On a sunny day we also decided to finally visit The Monument to the Great Fire of London in 1666. It is a beautiful structure standing rather proudly in a bustling part of the city. Richard had come from an interview and very shortly after commencing the climb up 311 stairs, was regretting the decision to see this attraction in a suit. The stairs were wound tightly up the inside of the column and were incredibly narrow. It felt endless! I was the one eager to see this because I had been promised outstanding panoramic views of the city. We were let down because the whole viewing area was surrounded by metal wiring. No doubt this was totally warranted for safety, but it meant the view was somewhat disappointing.
The descent took longer than the climb because I felt like I was about to lose balance and topple down to the bottom. Some of your will know how clumsy I am and how poor my balance is. The amount of concentration I used to stay upright for the whole time was probably the most tiring part. With great patience, we made it out an even received a certificate to recognise our athletic achievement for the day.
On Saturday Richard and I decided to check out the Portobello Road Market. The market is open every day but Saturday is definitely the day to check out all the action. It was a blazing hot day and the market was jam packed almost the entire way. It is predominantly known for being an antiques market which was of passing interest to us – good to see once but I doubt we would go shopping there. Portobello road is long and the market stalls seem never-ending. The energy was great despite the sense of squishy-ness from the crowds. A portion of the market is dedicated to fresh produce as well and we greedily purchased a punnet of huge blackberries from one of the stalls. With great satisfaction we stood on the side of the road and consumed them all.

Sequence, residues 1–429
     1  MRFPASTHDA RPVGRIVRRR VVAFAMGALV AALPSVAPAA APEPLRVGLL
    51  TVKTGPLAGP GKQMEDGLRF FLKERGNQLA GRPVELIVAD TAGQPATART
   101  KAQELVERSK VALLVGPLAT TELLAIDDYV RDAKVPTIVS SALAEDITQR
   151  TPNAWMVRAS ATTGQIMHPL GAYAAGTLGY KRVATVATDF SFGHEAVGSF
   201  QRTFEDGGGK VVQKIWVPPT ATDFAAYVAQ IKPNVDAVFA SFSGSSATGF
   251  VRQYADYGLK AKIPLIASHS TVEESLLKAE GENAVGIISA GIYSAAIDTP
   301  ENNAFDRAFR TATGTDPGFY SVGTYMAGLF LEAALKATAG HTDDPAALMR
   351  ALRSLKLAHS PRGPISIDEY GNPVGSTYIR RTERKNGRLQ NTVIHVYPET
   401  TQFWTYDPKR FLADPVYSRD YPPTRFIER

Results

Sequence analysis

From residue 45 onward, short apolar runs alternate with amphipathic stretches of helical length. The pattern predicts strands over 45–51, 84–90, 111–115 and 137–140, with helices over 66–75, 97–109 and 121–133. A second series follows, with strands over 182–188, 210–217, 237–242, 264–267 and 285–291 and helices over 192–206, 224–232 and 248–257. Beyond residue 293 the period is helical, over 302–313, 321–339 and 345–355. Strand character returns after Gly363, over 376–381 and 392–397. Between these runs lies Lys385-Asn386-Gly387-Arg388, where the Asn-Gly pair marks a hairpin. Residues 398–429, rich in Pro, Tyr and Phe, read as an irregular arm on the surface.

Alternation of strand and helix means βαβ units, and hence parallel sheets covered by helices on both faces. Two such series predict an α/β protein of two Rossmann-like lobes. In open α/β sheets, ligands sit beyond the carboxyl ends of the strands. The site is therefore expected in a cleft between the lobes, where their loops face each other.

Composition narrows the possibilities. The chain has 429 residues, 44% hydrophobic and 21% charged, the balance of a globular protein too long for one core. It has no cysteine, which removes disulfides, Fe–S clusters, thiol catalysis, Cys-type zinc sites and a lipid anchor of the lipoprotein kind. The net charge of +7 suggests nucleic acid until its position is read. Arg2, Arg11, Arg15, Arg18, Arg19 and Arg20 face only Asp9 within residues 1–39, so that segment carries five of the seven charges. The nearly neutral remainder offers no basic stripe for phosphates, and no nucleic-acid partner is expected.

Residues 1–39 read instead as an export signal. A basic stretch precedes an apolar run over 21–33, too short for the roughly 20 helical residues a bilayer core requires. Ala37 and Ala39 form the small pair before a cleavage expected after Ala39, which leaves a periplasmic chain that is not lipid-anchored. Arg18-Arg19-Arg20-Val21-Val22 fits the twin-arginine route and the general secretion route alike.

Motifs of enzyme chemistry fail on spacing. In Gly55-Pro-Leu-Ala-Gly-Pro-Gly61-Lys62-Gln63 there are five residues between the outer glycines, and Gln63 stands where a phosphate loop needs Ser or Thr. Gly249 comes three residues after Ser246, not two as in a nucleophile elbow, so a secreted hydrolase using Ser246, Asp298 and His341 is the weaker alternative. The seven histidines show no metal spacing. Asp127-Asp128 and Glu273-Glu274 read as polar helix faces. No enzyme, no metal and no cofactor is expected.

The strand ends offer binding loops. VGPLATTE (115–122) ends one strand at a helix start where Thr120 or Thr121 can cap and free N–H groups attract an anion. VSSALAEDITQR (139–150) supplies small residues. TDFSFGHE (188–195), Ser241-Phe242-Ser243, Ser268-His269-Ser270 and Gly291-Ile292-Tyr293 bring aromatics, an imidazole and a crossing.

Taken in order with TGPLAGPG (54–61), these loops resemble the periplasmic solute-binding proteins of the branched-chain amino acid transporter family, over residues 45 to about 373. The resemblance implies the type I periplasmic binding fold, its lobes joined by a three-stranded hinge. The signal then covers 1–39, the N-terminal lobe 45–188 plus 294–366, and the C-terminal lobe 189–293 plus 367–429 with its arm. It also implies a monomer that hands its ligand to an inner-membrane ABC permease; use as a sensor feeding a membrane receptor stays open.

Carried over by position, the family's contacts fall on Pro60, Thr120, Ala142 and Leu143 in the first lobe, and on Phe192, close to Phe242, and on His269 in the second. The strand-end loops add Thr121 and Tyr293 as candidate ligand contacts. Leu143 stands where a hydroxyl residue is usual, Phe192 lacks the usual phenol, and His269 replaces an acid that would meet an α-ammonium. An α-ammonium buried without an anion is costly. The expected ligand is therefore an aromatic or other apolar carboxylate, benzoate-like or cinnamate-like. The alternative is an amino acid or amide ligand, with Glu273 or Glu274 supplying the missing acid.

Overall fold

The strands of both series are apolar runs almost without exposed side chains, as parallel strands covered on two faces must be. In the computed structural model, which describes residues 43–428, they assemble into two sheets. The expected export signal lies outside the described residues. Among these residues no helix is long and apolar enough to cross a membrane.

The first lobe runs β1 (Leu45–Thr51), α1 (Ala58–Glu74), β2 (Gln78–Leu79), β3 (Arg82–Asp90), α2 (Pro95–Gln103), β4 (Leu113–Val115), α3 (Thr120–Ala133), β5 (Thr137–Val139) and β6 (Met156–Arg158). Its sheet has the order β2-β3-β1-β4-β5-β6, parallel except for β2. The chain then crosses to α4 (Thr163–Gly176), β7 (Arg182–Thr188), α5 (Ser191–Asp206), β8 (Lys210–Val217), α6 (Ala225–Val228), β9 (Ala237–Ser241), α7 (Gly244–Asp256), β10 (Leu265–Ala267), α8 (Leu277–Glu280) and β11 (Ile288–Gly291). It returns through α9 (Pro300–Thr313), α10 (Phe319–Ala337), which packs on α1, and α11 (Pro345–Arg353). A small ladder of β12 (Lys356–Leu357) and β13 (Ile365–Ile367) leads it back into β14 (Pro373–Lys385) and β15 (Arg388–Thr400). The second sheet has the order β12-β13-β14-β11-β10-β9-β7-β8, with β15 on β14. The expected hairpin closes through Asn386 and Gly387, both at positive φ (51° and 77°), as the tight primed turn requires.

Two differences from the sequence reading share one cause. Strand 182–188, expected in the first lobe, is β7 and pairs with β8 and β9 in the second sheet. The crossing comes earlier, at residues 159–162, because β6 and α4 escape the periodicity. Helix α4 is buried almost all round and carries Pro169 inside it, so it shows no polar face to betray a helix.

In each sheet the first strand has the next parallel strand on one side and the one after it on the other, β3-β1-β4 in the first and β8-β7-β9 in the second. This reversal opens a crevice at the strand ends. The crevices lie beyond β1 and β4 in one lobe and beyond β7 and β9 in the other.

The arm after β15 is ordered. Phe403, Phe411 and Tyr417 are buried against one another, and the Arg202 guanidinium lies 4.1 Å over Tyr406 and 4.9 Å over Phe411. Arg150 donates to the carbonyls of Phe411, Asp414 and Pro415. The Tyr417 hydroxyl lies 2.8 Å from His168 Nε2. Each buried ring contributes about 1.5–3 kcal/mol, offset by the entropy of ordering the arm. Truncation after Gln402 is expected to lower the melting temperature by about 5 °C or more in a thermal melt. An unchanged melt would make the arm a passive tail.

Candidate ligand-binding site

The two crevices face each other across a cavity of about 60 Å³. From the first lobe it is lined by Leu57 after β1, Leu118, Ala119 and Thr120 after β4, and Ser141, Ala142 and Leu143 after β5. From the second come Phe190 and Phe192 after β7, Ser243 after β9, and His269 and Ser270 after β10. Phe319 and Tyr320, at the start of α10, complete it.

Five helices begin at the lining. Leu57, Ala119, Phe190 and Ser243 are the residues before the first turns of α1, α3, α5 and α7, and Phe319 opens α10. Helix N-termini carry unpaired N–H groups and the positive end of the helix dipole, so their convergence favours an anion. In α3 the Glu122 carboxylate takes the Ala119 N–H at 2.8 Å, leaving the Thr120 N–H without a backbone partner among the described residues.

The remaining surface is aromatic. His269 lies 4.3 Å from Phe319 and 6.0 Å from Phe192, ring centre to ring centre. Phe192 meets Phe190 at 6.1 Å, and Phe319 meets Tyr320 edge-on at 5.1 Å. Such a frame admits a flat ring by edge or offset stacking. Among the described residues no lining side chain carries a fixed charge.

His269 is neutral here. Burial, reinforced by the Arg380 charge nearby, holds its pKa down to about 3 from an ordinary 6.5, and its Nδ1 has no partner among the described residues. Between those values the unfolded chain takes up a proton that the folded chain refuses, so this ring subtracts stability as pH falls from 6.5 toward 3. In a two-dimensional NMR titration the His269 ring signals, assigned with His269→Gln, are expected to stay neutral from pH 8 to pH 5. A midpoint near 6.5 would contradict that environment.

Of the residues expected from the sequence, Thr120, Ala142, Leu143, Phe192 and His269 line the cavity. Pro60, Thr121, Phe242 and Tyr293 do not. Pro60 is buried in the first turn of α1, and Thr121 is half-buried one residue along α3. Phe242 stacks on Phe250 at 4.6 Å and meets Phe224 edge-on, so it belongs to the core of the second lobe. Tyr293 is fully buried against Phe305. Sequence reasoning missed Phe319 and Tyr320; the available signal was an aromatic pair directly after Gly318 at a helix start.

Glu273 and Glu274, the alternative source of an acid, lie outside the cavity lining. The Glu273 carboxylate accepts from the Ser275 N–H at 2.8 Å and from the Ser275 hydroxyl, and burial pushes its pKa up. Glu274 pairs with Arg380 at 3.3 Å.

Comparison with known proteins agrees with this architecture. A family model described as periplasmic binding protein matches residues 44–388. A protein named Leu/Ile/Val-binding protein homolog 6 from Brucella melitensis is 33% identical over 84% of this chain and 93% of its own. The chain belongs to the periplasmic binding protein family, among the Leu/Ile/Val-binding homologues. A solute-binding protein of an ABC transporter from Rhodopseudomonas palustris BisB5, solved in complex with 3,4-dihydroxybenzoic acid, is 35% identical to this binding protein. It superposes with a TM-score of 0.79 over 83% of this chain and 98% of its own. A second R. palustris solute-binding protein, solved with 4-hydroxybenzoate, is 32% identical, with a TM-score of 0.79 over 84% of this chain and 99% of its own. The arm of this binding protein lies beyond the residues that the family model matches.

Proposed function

While not a tourist attraction, we spent half a day at IKEA. During our visit I heard a girl gush “I’ve never been happier than I am now!” I didn’t feel quite so strongly but only just short of that if I am going to be honest. I have been to IKEA stores twice before, once in Kuala Lumpur and once in Melbourne, but going again and actually being able to pick things to buy is mind-blowing. Everything is so customisable and it’s almost criminal how satisfying it is to see things fitting together perfectly. It’s crazy talk to be so excited by a homeware store but hopefully someone out there will understand.
For the first time, we also ate at IKEA. I had meatballs of course and was so pleasantly surprised at how appetising the flavour was. It felt like IKEA can do no wrong.
We didn’t buy anything on that particular visit but soon we will be in our own place which means it won’t be long before we can! We’re both incredibly excited at the prospect of moving in our own flat finally. While the process of getting our own place has been difficult and riddled with obstacles, we’ve hopefully managed to overcome them and can move in this Saturday. That should mean next time we can share photos of our home sweet home.